This week we proclaimed good news about learning to honor godly wisdom in our church: that which is pure, peaceable, gentle, willing to change, full of mercy and good virtue, without a trace of partiality or hypocrisy (James 3:17). James says this is how you do the hard work of making peace: we name and confront injustice among us that comes from selfish desires (3:18-4:10).
This is important to the staff, vestry, and clergy here at The Table. We are committed to becoming a peace-making people, and reckoning with that hard work that takes.
Tuesday in morning prayer, I read in 1 Corinthians 5:9-6:8 where Paul admonishes the church to discern (judge) rightly together. “For what have I to do with judging those outside? Is it not those who are inside that you are to judge?” (1 Cor 5:12). Again, as in the James passage we heard on Sunday, Paul instructs the church to be the church by discerning rightly what is happening in our midst!
As Christians in the U.S. today, it is tempting to focus on outside, external issues:
- Those non-christians outside the church who are offensive, evil, or hurtful
- Using fear and anger about what ‘those’ people ‘over there’ are doing
- Subtly patting ourselves on the back, in a pious self-justifying way, that we are right or pure or better than ‘those people’.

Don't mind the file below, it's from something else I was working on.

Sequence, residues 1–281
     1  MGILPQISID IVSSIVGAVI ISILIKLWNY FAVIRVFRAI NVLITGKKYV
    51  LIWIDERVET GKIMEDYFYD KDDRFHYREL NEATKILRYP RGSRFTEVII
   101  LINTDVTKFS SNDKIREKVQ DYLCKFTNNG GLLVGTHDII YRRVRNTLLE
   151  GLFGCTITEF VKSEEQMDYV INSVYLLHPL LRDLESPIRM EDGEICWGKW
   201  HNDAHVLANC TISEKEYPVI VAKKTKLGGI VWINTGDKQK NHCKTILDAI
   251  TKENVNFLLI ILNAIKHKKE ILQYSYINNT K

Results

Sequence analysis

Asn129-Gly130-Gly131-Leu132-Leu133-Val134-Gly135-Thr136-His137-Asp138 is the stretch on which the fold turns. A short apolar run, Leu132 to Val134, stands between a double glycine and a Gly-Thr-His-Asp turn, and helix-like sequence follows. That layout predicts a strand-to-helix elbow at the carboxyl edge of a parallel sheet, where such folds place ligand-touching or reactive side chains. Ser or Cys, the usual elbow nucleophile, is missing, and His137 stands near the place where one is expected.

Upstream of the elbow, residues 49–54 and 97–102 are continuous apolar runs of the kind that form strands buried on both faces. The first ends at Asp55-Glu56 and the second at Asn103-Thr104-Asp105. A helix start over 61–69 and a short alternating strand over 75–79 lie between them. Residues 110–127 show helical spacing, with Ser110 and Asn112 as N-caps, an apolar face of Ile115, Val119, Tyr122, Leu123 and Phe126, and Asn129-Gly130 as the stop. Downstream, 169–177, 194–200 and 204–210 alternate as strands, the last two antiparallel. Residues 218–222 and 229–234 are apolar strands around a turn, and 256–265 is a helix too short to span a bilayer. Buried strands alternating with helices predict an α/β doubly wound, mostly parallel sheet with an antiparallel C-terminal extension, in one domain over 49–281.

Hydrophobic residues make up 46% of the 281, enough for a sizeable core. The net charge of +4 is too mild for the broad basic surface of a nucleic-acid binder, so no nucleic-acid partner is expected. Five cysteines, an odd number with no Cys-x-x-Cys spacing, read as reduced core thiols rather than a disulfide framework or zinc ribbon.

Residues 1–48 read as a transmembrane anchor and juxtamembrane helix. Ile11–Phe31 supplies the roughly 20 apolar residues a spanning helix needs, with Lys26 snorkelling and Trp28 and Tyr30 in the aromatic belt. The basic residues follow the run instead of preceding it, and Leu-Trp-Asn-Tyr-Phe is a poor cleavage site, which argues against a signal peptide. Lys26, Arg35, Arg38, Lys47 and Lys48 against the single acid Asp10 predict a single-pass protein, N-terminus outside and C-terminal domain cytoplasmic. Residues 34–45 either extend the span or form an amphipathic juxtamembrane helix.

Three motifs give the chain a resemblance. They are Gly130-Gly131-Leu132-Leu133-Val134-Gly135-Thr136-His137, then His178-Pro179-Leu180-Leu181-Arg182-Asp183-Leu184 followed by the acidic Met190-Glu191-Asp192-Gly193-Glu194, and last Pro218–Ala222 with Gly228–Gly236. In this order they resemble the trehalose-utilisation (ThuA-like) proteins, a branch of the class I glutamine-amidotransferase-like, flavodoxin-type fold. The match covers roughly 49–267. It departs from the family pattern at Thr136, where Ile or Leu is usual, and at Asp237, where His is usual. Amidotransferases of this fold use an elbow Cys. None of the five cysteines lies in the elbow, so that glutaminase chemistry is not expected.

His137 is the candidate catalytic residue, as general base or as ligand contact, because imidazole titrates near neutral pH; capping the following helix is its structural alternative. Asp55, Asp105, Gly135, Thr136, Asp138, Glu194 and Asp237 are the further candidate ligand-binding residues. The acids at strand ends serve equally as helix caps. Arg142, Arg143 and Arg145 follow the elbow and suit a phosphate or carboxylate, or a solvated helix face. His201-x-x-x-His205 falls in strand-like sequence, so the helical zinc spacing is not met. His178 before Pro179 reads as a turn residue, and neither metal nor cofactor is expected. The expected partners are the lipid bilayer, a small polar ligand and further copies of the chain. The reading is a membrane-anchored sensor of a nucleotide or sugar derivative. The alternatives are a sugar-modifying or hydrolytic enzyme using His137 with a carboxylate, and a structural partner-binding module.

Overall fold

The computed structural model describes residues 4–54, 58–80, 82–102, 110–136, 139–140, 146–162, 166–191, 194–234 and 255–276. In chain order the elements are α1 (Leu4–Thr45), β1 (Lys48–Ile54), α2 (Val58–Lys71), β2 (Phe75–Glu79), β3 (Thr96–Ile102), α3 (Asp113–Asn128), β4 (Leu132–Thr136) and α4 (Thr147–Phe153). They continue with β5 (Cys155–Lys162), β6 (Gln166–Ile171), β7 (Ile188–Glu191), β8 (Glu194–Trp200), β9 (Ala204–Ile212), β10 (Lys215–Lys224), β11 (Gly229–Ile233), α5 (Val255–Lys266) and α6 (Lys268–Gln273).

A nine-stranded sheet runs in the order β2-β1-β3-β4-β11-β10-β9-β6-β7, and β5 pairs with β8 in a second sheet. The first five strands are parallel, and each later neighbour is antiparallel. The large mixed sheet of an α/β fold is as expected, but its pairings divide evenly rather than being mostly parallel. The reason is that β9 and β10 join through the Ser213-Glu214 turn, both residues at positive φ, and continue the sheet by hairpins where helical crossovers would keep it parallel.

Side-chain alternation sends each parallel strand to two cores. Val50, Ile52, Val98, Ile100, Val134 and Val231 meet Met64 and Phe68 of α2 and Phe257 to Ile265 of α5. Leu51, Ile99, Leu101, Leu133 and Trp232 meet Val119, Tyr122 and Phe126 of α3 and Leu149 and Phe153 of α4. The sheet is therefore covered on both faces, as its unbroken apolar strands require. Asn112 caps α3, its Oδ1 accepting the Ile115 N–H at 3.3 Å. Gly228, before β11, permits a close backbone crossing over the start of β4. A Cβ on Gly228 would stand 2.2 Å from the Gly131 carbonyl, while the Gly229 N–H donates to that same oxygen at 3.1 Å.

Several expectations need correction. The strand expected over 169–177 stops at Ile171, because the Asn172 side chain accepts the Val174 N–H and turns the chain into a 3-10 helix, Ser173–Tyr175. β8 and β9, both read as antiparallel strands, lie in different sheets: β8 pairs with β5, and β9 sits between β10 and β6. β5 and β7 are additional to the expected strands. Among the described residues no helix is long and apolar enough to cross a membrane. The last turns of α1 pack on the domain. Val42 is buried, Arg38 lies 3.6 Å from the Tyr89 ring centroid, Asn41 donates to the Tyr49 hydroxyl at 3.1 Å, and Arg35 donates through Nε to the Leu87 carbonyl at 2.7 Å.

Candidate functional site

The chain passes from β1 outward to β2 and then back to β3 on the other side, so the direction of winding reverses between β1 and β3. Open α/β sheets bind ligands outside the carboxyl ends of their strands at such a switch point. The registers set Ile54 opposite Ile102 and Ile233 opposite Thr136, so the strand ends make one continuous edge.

This temptation is seductive: unity and loyalty are easy to come by with a common enemy we can scapegoat outside our ranks. A recent example of this from a few weeks ago was the 20th Anniversary of 9/11. Our country was ‘unified’ 20 years ago around a common anger and fear: we knew who the enemy was (the Taliban) and we knew what we had to do (go after them) and that brought us a sense of moral uprightness and solidarity with each other (as Americans).
Responding to an attack on American soil that kills thousands of people is complicated, and there is much more to say about ways our country should respond, but for our purposes I’d just like to point out that this (say Paul and James) way of responding, catalyzing fear and anger to create a common scapegoat we can unload violence upon, is not the wisdom from above. Fear and anger at others in order to scapegoat them and justify ourselves is an intoxicating poison. Where this happens there is evil and every vile practice (James 3:16).
So we aspire, in the fellowship of the Holy Spirit, to be a people at The Table who practice the virtue that makes for peace: repentance, reconciliation, justice-dealing love, humility, meekness, and mercy that focuses on us, in here, on the inside.
We endeavor to be a people who take our logs more seriously than their specks, who acknowledge our need for a good doctor to bring us healing, and who understand that what’s riding on all this is: we must learn how to justly adjudicate these matters as Christ’s church because God’s plans for us exceed even our wildest imaginations (see what Paul has to say about how God is preparing us in 1 Cor 6:1-3).
Jesus calls this process of mutual submission and discernment “binding and loosing” in Matthew 18:15-20. I confess as one of your priests that I am still learning how to inhabit this well, but nevertheless I am committed to maturing in it for our sake and the sake of the gospel.
May we be a people known by our love and willingness to change. May we do the hard work of making peace together so we can be peacemakers in our world. And may we not lose heart in doing this good, knowing that God is faithful and will not let this harvest of justice be sown in vain.
Yours in Christ,
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